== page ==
“Once they let us know how much space we actually have to work with, then we’ll be able to set enrollment numbers based on how much space we have so we can follow social distancing practices.”

Another day camp option, Children’s Corner, which was being run by the Springfield Park District, was postponed. The camp for kids ages five through 12 focused on “remote learning and creative play,” according to a description from its website.

An assistant director of recreation for the Park District didn’t immediately return inquiries from The State Journal-Register.

Gill characterized Monday as a bit of a test run for Tuesday when synchronous, or live remote learning begins.

“It was designed to be a check-in, to make sure we’re getting our technology glitches worked through and to make sure we had any questions family had answered,” Gill said.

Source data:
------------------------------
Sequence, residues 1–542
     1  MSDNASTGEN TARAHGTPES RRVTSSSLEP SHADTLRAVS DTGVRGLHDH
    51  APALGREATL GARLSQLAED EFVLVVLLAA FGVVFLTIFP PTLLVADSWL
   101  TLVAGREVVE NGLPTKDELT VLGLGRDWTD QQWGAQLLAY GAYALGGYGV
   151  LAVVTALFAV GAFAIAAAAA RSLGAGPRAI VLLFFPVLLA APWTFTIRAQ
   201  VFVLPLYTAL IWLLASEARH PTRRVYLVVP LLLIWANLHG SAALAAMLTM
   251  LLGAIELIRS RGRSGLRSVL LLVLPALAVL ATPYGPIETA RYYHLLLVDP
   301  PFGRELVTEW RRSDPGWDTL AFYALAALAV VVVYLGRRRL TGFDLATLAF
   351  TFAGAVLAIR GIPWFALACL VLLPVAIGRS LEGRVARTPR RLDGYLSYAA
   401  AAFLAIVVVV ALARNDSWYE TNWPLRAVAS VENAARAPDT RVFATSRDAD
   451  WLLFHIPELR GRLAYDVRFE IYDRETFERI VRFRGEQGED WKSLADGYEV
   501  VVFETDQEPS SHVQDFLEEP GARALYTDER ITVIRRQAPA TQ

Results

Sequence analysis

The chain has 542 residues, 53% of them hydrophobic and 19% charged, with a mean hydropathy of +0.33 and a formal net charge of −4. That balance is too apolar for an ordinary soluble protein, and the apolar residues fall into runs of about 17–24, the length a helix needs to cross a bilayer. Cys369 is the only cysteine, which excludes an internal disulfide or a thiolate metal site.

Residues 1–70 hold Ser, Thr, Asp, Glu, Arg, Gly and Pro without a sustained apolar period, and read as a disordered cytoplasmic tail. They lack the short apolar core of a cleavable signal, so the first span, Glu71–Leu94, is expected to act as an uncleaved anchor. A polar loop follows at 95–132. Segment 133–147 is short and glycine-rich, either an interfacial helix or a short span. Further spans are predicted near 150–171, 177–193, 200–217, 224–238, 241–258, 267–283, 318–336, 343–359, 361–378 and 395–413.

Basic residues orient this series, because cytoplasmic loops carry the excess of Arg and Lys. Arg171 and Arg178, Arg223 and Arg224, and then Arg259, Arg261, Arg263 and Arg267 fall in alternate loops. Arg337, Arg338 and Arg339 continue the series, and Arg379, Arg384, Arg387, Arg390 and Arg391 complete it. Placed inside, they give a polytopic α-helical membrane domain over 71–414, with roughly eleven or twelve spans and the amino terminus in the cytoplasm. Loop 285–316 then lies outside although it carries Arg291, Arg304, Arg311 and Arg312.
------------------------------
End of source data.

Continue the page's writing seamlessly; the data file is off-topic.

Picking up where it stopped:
The superintendent also praised district teachers “for the work they’ve done over the summer, but especially over the last two weeks intently to get prepared for today.”

Kevin Simonson of Springfield, whose daughter is a freshman at Springfield High School, said he thought some of the communication from teachers could have been clearer.

“People need lists, people need simple things, people need little breakdowns of this is what you need to do and this is where you need to do it and this is when you need to do it by,” Simonson said. “That said, we’re asked to temper all of this because none of us has really done this before.

“The level of organization that has to take place inside the entire hierarchy of the administration and support staff and teachers and parents is just a massive undertaking. By and large, things worked today. There was confusion and a little frustration, but I’m optimistic that we’ll be able to engage in some productive learning.”